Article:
What if we are here for a higher purpose?
As the apostle Paul languished in a prison cell in Rome, not knowing if he would be set free or executed, he wrote to believers in Philippi, “I want you to know, beloved, that what has happened to me has actually helped to spread the gospel.”
That statement spurs a couple of questions:
1: What did happen to Paul so that he is in a prison cell writing a letter to the Philippians?
About four years earlier, around the year 57, Paul traveled to Jerusalem with representatives from various churches from what we now consider Greece and Turkey. They brought with them a monetary contribution to help the impoverished Christians in Jerusalem. While in Jerusalem, people saw Paul spending much time in the temple, for he was participating in a seven-day Jewish purification custom. They also saw him spending time with certain non-Jewish persons he had brought to Jerusalem. People put those two items together—sightings of Paul in the temple and sightings of Paul with Gentiles—and they jumped to the conclusion that Paul brought non-Jewish persons into the temple. On the basis of that assumption—or false accusation—a crowd became stirred up. They seized Paul, dragged him from the temple, with his life in grave danger. Roman soldiers broke up the riot and rescued Paul. For his safekeeping, Paul was locked in the barracks as a prisoner for the night. While he was in the barracks, information was leaked that a plot was being hatched to capture Paul and to kill him. To avert the plot, Paul was quickly sent away from Jerusalem. Protected by Roman soldiers, under the cover of darkness, Paul was brought to the port of Caesarea. In Caesarea, Paul was put on trial before the Roman governor Felix. Though the false accusations against Paul could not be substantiated, Felix kept Paul imprisoned, hoping that Paul, or the Christian churches, would offer a bribe for his release. Two years later, Felix was replaced by Festus who kept Paul in prison in an attempt to score political points with the Jewish leaders. When Festus made plans to transfer Paul back to Jerusalem, where Paul faced both the threat of a corrupt trial and a new death plot, he appealed his case to Caesar instead. Because of this appeal to Caesar, Paul was sent as a prisoner to Rome. For two more years, Paul waited in prison for his opportunity to present his case to Caesar. However, Caesar did not want to touch such a political hot potato, so Paul was left in prison without ever receiving his right as a Roman citizen to present his case to Caesar.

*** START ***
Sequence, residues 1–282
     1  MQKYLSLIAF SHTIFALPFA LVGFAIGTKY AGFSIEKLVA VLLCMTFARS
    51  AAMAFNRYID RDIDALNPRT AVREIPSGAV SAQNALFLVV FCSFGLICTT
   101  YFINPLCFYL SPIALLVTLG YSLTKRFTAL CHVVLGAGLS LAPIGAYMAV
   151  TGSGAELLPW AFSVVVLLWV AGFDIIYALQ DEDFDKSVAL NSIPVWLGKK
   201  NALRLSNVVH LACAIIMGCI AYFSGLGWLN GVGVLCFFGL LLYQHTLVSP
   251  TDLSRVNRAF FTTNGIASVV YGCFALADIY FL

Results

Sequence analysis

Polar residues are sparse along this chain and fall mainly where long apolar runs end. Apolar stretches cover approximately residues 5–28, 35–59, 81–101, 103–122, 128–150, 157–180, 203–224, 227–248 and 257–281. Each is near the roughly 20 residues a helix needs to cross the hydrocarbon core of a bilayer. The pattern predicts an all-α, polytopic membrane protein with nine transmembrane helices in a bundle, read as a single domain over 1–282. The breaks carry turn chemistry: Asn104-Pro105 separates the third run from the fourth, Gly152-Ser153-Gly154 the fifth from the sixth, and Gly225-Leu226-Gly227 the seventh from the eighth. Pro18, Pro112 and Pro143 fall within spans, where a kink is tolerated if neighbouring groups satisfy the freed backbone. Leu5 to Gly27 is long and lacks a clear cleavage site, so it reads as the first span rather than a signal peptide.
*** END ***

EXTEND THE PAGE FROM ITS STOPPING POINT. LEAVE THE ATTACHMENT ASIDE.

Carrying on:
What “has happened” to Paul is that he remained stuck in prison because of false assumptions, false accusations, political maneuverings, corruption, and injustice.
Paul has strong grounds to lodge a nasty complaint in this letter, to give vent to bitterness over all that has befallen him. But Paul does something different. He writes, “I want you to know, beloved, that what has happened to me has actually helped to spread the gospel.” This prompts another question:
2: What if we are here for a higher purpose than to be happy for a few years on planet earth? What if we are here to help others find the love of Christ for the sake of eternity?
If Paul’s focus is only upon himself—his satisfaction level in life—he has reason to fill this letter with complaints. But if Paul’s focus is on the opportunity to help others find the love of Christ, he has reason to rejoice.
As a person who has not had to endure many injustices in my life, I want to be careful with my words. Jeremiah 22:3 declares, “Thus says the Lord: Act with justice and righteousness, and deliver from the hand of the oppressor anyone who has been robbed.” Micah 6:8 states, “He has told you, O mortal, what is good; and what does the Lord require of you but to do justice, and to love kindness, and to walk humbly with your God?”
Believers need to confront injustices in society. But in his personal circumstances, Paul keeps his heart focused on that which is more valuable to him than personal satisfaction: The highest purpose of his life (and of every life) is to help people to find the love of God in Jesus Christ. That’s why Paul goes on to say later in this letter (in Philippians 1:21), “For to me, living is Christ and dying is gain” (for with death we get even more of Christ).